Certainly my Fastelavn project won't be winning the Danish Design Prize any time soon (or in any universe really) but I feel justified in giving myself a big 'ol American pat on the back. Coming from a world where Target is a multi-purpose family problem solving behemoth, I feel I have in some small way pushed my American butt toward something a little more European, a little less mass-consumer - or at least a $2,000 bill some years down the road for my son's future therapist as he strugles to come to terms with his mothers' horrifyingly abstract interpretation of an "animal" theme...

#12 Fur

In a rare show of solidarity and support for my mental health, the fickle Copenhagen sun finally made a full appearance today and it is a beautiful day, as windy, late winter days go. I know I should't be complaining given that it might be another three weeks before I see the sun again, but the only down side to this otherwise lovely event is that it has ruined any good photo ops for today's post. So I apologize in advance at this topic's lack of photojournalistic merit.

For the past few weeks, it's been unseasonably, bone-chillingly cold. It was during this time that I noticed another Danish phenomenon - the appearance of fur. On one particlar day, as I stood waiting for a friend inside the entrance to an upscale, downtown department store, I counted no fewer than twelve fur coats, four fur hats and some unidentifiable dead-animal-as-scarf draped around a woman's neck over about a ten minute period.

Please don't stop reading here. I promise this isn't going to be some diatribe about fur-wearing. If you're inclined to feel guilty about continuing to read or having a laugh about the subject, I suggest you make a donation to PETA before reading on. I will give some personal background though so you know where I'm coming from and can make any judgements and comments accurately.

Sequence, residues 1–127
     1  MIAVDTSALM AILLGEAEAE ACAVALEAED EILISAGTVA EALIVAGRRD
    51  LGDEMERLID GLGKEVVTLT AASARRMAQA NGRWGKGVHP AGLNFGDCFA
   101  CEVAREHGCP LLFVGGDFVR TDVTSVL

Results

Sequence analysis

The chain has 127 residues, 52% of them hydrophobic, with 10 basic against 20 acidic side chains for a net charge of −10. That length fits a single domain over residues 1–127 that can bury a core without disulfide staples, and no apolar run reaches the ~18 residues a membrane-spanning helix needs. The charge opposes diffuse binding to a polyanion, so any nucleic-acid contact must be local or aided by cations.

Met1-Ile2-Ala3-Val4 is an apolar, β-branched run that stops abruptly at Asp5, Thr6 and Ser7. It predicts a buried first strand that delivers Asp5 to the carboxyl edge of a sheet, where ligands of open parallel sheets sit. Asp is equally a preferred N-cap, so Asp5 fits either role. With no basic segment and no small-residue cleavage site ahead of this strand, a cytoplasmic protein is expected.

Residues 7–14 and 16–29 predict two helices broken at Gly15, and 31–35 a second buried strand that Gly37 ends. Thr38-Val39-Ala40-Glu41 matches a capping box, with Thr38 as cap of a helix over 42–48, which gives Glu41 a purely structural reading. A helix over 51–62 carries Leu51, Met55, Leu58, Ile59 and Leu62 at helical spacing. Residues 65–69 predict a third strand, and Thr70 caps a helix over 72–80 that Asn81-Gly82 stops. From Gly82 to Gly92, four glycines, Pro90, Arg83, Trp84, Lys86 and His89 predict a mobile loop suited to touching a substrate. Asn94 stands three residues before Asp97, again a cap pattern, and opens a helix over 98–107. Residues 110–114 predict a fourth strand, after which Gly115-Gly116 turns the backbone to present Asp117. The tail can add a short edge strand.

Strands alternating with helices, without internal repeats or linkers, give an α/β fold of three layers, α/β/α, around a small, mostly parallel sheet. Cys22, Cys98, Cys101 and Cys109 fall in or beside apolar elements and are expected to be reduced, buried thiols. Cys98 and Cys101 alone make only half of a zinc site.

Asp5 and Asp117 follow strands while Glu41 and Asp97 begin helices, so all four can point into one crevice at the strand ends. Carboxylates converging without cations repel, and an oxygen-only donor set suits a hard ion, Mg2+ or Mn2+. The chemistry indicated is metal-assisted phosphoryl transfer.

I would describe myself as an animal lover. That said, a weak spot for bacon means vegetarianism and I will never truly see eye to eye. I generally tend to avoid eating "cute" animals (bunnies, lambs, etc) but have no problem eating tons of chicken - chickens being enormously un-cute animals in their adult state. On my own personal revulsion scale, fur-wearing ranks somewhere above operating a Michael Vick-style dog fighting ring but below not braking hard enough to avoid hitting squirrels in the middle of the road.

Danish fur-wearing doesn't actually suprise me all that much given how Danes can justify a lot of questionable clothing choices as long as they are practical. What does suprise me is that it seems to fly in the face of Danes' otherwise broad and encompassing humanistic tendencies. Here are some examples:
    Are those pigs smiling?
  • It is illegal to dock the ears and/or tails of cats and dogs.
  • It is illegal to hit small animals, oops I mean children - even your own - in Denmark.
  • Danes take a lot of pride in their high animal welfare standards in the agriculture industry, as evidenced by this brochure on pig farming.
So the fur thing came as a bit more of a suprise than I guess I expected. Sure, there are plenty of Danes who are plenty against the wearing of fur and the practice of raising animals for fur production. But here is an interesting intersection of Danish ideals found on the corporate website for Kopenhagen Fur, a cooperative of breeders and also the world's largest auction house for luxury hides and skins headquartered in nearby Glostrup.

Kopenhagen Fur acknowledges and respects ethical vegans' rights to abstain from animal products and by-products but then turns it around on its Danish head by saying, "animal rights groups are actually depriving people of their right to choose if they want to use products deriving from animals or not." I wonder though if this whole "protecting peoples' choice to choose" as a Danish value isn't a little hypocritical - I mean, I would like maintain my American choice to choose between more than two brands of pretzels or ketchup in the grocery stores yet that doesn't seem to be happening any time soon. I would also like to exercise my choice to choose a kooky, American-style name like Romeo or Apple for my next child but the Danish government doesn't seem to trust my instincts.

I think as a side project, and because my most recent graphic "statistical analysis" went over so well, I will devote some time in the near future to diagramming the various intersections and heirarchies of the Danish morals and values I am encountering. I joked today to some of my Danish language school classmates that I think I need to get a life. I think I've just confirmed that...

Friday, March 4, 2011

Stuff I Wish I'd Come Up With Myself

While my own blogging takes a little bit of a backseat to practicing my Danish (I'm starting to sound like a cross between the Swedish Chef and a kid who's lost all her front teeth), check out these other funny expat blogs and perspectives:

Perfect for this adoptee's limited knowledge of her own ethnic culture.
For my own purposes, could rename "How to Appear Korean Without Actually Being".

a food writer living in Paris...